Immunity Law and Legal Definition
Immunity is an exemption granted by statute or government authorities from a legal duty, penalty or prosecution. There are generally three types of immunity at law:
- witness immunity in exchange for information or testimony in a criminal matter, granted by the prosecutors, a judge, a grand jury or an investigating legislative committee;
- public officials' protection from liability for decisions made in the course of their official duties
- governmental or sovereign immunity, which protects government agencies from lawsuits unless the government agrees to be sued;
- diplomatic immunity which exempts foreign ambassadors from most U.S. criminal prosecution.
The following is an example of a Colorado law dealing with immunity;
- " Any action against a public employee, whether brought pursuant to this article, section 29-5-111, C.R.S., the common law, or otherwise, which lies in tort or could lie in tort regardless of whether that may be the type of action or the form of relief chosen by the claimant and which arises out of injuries sustained from an act or omission of such employee which occurred or is alleged in the complaint to have occurred during the performance of his duties and within the scope of his employment, unless the act or omission causing such injury was willful and wanton, shall be subject to the following requirements and limitations, regardless of whether or not such action against a public employee is one for which the public entity might be liable for costs of defense, attorney fees, or payment of judgment or settlement under section 24-10-110:
- Compliance with the provisions of section 24-10-109, in the forms and within the times provided by section 24-10-109, shall be a jurisdictional prerequisite to any such action against a public employee, and shall be required whether or not the injury sustained is alleged in the complaint to have occurred as the result of the willful and wanton act of such employee, and failure of compliance shall forever bar any such action against a public employee. Any such action against a public employee shall be commenced within the time period provided for that type of action in articles 80 and 81 of title 13, C.R.S., relating to limitation of actions, or it shall be forever barred.
- The maximum amounts that may be recovered in any such action against a public employee shall be as provided in section 24-10-114 (1), (2), and (3).
- A public employee shall not be liable for punitive or exemplary damages arising out of an act or omission occurring during the performance of his duties and within the scope of his employment, unless such act or omission was willful and wanton.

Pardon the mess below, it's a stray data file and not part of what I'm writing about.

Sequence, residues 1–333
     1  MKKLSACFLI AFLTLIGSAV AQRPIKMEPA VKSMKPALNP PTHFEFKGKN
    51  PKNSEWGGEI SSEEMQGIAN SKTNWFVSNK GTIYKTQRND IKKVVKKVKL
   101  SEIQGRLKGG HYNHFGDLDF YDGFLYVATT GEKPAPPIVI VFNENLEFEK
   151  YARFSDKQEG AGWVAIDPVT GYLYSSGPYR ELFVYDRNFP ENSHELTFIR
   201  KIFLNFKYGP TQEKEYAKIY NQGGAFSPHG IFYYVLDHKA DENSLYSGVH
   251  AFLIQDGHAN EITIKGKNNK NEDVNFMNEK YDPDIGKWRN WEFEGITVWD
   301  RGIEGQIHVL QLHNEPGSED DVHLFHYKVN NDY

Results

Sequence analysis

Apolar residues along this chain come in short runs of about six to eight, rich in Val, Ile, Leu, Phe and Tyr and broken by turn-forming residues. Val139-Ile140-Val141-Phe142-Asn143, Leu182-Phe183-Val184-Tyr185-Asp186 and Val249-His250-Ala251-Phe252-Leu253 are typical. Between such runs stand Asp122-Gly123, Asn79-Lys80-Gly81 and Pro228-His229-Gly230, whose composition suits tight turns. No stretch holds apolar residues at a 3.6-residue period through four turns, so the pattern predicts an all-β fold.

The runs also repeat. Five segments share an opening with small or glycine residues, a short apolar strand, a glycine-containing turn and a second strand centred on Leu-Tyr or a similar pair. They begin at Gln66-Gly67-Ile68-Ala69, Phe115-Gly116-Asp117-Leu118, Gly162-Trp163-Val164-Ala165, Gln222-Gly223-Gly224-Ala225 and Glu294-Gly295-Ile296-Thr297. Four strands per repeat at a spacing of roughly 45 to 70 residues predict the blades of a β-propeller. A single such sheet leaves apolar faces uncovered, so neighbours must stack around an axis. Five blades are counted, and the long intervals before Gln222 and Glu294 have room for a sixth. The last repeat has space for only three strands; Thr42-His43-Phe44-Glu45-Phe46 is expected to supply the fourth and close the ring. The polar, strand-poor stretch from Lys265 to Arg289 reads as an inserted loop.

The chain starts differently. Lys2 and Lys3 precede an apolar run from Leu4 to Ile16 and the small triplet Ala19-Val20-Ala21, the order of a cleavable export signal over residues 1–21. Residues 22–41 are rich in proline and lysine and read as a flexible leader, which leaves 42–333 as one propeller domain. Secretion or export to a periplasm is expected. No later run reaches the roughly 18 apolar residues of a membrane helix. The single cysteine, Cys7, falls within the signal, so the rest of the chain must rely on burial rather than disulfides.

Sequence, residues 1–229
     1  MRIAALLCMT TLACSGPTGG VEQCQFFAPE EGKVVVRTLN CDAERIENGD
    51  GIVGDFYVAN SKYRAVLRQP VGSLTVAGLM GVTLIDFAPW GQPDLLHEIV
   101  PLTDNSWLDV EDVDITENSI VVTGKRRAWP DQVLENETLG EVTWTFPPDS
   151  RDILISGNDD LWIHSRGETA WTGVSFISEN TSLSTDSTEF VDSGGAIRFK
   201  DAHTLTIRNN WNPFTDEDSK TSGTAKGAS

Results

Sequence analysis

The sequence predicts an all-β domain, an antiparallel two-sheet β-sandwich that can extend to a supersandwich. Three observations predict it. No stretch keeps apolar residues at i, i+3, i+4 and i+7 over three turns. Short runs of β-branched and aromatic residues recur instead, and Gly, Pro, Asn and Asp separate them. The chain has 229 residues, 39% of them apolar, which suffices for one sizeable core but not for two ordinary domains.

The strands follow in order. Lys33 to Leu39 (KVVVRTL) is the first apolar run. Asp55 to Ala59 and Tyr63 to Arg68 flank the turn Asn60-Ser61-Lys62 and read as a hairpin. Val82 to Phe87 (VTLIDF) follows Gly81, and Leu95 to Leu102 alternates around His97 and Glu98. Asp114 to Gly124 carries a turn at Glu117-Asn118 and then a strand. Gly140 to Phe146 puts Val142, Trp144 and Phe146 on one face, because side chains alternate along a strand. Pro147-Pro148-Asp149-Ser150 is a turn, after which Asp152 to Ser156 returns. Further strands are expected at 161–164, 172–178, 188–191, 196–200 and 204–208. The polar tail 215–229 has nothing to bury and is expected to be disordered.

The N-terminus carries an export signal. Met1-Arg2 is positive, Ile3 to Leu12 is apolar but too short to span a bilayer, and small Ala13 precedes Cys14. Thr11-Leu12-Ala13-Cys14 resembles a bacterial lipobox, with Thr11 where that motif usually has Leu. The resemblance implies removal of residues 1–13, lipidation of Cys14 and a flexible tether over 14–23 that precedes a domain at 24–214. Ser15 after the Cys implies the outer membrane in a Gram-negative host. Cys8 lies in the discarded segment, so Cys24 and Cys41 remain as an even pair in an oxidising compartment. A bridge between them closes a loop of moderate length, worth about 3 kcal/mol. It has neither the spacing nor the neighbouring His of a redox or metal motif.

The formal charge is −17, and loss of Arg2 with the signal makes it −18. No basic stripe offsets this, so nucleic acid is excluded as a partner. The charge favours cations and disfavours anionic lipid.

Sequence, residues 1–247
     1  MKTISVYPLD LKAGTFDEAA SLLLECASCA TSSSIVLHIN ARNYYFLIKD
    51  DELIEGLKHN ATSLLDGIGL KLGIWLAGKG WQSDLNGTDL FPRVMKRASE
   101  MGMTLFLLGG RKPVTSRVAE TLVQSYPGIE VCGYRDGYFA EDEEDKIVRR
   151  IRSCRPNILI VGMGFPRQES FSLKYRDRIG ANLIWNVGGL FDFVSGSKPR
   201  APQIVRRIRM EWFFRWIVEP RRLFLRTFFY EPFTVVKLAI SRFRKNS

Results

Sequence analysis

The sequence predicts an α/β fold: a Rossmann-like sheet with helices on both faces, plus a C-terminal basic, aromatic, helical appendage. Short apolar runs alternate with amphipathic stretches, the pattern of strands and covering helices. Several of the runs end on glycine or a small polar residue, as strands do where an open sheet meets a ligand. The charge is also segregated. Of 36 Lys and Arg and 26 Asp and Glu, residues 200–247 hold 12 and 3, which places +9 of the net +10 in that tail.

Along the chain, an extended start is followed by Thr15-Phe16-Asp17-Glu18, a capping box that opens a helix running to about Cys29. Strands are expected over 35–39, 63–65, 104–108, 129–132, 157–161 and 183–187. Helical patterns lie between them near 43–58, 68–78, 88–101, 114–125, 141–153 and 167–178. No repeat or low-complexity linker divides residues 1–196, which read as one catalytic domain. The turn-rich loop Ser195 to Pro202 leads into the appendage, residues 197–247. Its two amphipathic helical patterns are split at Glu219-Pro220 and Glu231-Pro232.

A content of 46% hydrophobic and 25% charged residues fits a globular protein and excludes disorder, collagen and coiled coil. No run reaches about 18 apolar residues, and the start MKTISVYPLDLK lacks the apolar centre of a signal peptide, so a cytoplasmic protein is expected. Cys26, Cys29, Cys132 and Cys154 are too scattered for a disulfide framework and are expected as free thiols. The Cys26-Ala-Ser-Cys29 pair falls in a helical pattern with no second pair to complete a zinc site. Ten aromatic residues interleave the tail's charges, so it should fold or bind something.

- The fact that a plaintiff sues both a public entity and a public employee shall not be deemed to increase any of the maximum amounts that may be recovered in any such action as provided in this section or in section 24-10-114.
- A public employee shall be immune from liability in any claim for injury, whether brought pursuant to this article, section 29-5-111, C.R.S., the common law, or otherwise, which lies in tort or could lie in tort regardless of whether that may be the type of action or the form of relief chosen by a claimant and which arises out of an act or omission of such employee occurring during the performance of his duties and within the scope of his employment unless the act or omission causing such injury was willful and wanton; except that no such immunity may be asserted in an action for injuries resulting from the circumstances specified in section 24-10-106 (1).
- Any member of any state board, commission, or other advisory body appointed pursuant to statute, executive order, or otherwise, and any other person acting as a consultant or witness before any such body, shall be immune from liability in any civil action brought against said person for acts occurring while the person was acting as such a member, consultant, or witness, if such person was acting in good faith within the scope of such person's respective capacity, makes a reasonable effort to obtain the facts of the matter as to which action was taken, and acts in the reasonable belief that the action taken by such person was warranted by the facts.
2.5 If a public employee raises the issue of sovereign immunity prior to or after the commencement of discovery, the court shall suspend discovery; except that any discovery necessary to decide the issue of sovereign immunity shall be allowed to proceed, and the court shall decide such issue on motion. The court's decision on such motion shall be a final judgment and shall be subject to interlocutory appeal.
3. Nothing in this section shall be construed to allow any action which lies in tort or could lie in tort regardless of whether that may be the type of action or the form or relief chosen by a claimant to be brought against a public employee except in compliance with the requirements of this article.
4. The immunities provided for in this article shall be in addition to any common-law immunity applicable to a public employee.
5. Notwithstanding any provision of this article to the contrary, a public entity may, if it determines by resolution adopted at an open public meeting by the governing body of the public entity that it is in the public interest to do so, defend a public employee against a claim for punitive damages or pay or settle any punitive damage claim against a public employee."
Relevant legal forms include:
Jury Instruction - Accomplice - - Informer - - Immunity
Jury Instruction - Accomplice - - Addictive Drugs - - Immunity